But changes can come from within your business too. You may invest in new technologies, discover new market demands, or hire salespeople with experience and relationships in other markets. This may lead to questions like: Are customers in those industries now more appealing than your current customers? Are you better suited now to these demands than you were a few years ago? Similarly, you may have found new vendors that provide great translations in new language combinations. Would partnering with them to offer additional services be a good move for your business?

Refining your Ideal Customer Profile is a continuous process throughout your business’ lifecycle, so always be willing to make adjustments to keep your LSP moving forward.

Just ICP your LSP

I know, ICP is not a verb, but let’s go with it because it’s all about putting it into action. Just get out there and talk to your current or potential clients to get a clear idea on your ICP. Once you do, you’ll be able to identify where to find your next customers, how to better position your brand, start developing better pricing strategies, and improve your overall business operations.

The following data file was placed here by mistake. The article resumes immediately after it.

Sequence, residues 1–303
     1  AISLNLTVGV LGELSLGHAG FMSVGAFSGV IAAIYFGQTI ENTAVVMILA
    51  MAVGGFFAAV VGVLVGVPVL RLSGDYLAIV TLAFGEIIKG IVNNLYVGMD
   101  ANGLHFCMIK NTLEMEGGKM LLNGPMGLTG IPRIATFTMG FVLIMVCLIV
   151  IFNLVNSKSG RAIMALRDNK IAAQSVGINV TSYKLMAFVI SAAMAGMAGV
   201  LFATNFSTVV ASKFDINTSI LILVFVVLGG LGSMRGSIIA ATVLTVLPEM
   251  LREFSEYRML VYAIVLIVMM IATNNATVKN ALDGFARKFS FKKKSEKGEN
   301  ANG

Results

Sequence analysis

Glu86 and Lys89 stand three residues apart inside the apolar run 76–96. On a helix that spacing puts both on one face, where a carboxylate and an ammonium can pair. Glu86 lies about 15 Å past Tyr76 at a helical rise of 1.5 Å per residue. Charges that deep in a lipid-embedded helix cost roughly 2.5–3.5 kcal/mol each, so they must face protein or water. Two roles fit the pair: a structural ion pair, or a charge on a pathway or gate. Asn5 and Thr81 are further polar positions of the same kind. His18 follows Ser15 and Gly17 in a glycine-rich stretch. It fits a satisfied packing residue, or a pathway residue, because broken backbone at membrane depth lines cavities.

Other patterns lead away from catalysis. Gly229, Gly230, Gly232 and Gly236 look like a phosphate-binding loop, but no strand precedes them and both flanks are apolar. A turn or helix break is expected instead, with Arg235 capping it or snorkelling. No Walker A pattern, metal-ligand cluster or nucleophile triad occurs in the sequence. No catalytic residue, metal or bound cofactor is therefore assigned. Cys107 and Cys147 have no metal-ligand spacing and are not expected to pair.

And if you’re worried that you’re putting all your eggs in one basket and alienating a significant portion of the market, don’t be. You will be doing that, but that’s a good thing. By refining your positioning, you’ll attract more of the right clients and fewer of the wrong ones for you. There comes a point when it’s better to turn away customers who aren’t an ideal fit because they take away valuable time and resources which you should allocate to finding better clients and nurturing client relationships.

And if you're a new or small LSP struggling to find any customers (never mind your ideal customer!), don’t despair. We understand that the market is what it is and that you might feel forced to take whatever work comes your way. But if you push through and double down on building strong relationships in a specific market segment, you’ll eventually get to the point where you can pick and choose the clients you want to work with.